• People started to call the ballots party tickets because they looked like a railroad ticket. They later became huge pieces and easily spotted. Some party bosses hired henchmen to spot people carrying the large colored party ballot and intimidate them. It was called shoulder striking.
  • The famous case of how out of control this got involved George Kyle of Baltimore, who was going to vote with his brother. He was a Democrate and lived in a neighborhood dominated by the opposition, the American Party, back in 1859. A man tried to snatch the ballots out of his hands and suddenly shots are fired and they kill his brother. An investigation ensued, and the question was asked, “Can a man of ordinary courage be able to cast his vote that day?” There was an implication that the Kyle brothers were cowards.
  • People later realized they could use their votes for something other than voting, they could use it to eat. Poor men would show up to the polling place and ask each side what they would give them for their vote. It was industrial America with a very poor underclass. So, sometimes votes were won with nothing more than a sandwich. People in power were watching. Factory owners could easily see who their workers were voting for. Jobs were loss because the rich fired the poor for not voting their preference.
  • During the Civil War, it fell to the states if and how soldiers would vote. This is when some states started absentee voting. Voting boxes were taken to battle camps, and soldiers were able to cast a ballot. Other states allowed proxies voting. For instance, a soldier from New York. He would enclose in an envelope his ballot along with a document authorizing the ballot and signed an affidavit. That envelope was placed into a special envelope, which indicated it was a soldier’s vote. Both political parties claimed fraud.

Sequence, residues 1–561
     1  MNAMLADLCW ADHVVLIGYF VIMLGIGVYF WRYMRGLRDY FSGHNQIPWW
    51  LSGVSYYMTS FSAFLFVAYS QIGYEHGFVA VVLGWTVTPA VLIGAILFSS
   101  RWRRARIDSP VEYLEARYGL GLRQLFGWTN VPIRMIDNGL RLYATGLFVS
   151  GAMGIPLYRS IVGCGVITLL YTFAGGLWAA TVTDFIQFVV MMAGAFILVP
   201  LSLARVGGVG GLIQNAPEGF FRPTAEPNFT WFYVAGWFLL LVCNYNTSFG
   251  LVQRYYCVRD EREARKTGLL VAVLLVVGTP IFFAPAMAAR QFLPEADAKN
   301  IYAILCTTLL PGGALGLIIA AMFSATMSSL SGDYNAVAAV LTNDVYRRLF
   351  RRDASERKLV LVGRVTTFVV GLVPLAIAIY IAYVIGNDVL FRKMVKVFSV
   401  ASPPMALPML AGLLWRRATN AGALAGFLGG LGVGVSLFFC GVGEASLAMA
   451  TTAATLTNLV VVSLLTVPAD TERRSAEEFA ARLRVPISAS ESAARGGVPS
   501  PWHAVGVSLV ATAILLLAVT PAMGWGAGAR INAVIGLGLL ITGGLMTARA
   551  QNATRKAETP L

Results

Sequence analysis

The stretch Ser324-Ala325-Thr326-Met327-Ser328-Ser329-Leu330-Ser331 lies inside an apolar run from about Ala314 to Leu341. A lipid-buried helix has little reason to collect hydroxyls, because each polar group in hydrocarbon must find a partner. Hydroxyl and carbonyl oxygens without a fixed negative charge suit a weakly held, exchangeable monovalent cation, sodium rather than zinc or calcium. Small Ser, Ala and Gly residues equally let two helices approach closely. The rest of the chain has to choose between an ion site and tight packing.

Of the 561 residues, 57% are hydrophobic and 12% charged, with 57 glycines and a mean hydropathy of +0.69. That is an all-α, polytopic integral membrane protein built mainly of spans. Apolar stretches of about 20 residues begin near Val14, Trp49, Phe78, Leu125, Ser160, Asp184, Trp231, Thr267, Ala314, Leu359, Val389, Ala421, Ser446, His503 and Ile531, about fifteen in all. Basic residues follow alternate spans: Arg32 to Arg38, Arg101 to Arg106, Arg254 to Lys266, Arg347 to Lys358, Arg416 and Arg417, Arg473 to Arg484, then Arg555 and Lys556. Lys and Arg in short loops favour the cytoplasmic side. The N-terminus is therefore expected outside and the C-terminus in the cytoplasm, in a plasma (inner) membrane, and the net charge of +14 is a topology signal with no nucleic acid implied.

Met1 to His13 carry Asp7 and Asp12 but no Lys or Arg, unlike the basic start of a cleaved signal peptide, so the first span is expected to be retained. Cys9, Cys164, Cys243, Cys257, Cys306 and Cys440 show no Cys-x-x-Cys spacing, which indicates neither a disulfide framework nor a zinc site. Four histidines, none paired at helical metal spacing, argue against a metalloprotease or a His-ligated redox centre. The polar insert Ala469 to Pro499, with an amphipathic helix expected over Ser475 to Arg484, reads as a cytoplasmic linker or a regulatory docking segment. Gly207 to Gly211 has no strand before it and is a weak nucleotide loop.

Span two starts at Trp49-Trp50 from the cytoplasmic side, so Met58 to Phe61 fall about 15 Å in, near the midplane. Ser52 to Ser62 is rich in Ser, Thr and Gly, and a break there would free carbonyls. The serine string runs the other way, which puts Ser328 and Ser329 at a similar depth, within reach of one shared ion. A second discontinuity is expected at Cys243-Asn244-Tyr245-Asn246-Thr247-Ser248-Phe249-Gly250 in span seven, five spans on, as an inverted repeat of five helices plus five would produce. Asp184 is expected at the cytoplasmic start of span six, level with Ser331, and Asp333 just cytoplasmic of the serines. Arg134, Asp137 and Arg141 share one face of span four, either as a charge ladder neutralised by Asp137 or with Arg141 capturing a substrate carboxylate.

• In 1888, Massachusetts was the first state to adopt the secret ballot – “a voting method in which a voter’s choices in an election or a referendum are anonymous. This forestalls attempts to influence the voter by intimidation, blackmailing, and potential vote buying. This system is one means of achieving the goal of political privacy.”
  • The 15th Amendment granting African-American men the right to vote was adopted into the U.S. Constitution in 1870. Despite the amendment, by the late 1870s discriminatory practices were used to prevent blacks from exercising their right to vote, especially in the South. It wasn’t until the Voting Rights Act of 1965 that legal barriers were outlawed at the state and local levels if they denied African-Americans their right to vote under the 15th Amendment.
  • On Aug. 26, 1920, the 19th amendment to the U.S. Constitution officially took effect when Secretary of State Bainbridge Colby signed a proclamation certifying its ratification. The amendment promised women that their right to vote would “not be denied” on account of sex.

Here’s a bit more about his trip, which from my understanding, he made because he was mentally exhausted and just wanted to get away from everything for a little bit.

So this journey began many blocks from the Whittier polling place when Mr. Nixon and his entourage, which was a military aide and a Secret Service agent, covertly and ever oh-so discreetly away from the press jumped out of the Vice Presidential limo and into a white convertible follow-up car driven by an officer from the Los Angeles Police Department, and off they went, and most importantly, they managed to successfully ditch the press. By the way, Nixon did not just jump into the backseat and say, “let’s go,” but rather the presidential hopeful told the LAPD officer to scoot over and he, Nixon, drove the car himself…